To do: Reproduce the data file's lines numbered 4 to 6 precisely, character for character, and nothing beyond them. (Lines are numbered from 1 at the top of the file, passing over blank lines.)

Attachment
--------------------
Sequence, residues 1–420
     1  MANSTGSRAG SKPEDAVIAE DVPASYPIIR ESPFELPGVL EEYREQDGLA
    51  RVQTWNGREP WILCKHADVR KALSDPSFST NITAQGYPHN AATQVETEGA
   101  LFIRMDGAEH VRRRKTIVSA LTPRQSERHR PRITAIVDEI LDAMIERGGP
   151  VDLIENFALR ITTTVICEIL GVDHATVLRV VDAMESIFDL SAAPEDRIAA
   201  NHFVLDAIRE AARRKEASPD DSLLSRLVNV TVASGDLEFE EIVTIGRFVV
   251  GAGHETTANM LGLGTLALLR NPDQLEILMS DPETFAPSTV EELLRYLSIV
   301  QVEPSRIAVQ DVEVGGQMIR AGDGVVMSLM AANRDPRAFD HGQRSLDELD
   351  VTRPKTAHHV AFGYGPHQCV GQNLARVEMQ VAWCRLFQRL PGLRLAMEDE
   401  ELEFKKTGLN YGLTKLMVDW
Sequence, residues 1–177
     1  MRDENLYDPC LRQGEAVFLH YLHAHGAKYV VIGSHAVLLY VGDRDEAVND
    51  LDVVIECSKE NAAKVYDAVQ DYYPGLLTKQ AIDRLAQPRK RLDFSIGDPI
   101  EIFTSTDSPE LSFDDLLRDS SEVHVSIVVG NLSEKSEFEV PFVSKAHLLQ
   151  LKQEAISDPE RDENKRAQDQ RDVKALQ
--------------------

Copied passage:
   101  LFIRMDGAEH VRRRKTIVSA LTPRQSERHR PRITAIVDEI LDAMIERGGP
   151  VDLIENFALR ITTTVICEIL GVDHATVLRV VDAMESIFDL SAAPEDRIAA
   201  NHFVLDAIRE AARRKEASPD DSLLSRLVNV TVASGDLEFE EIVTIGRFVV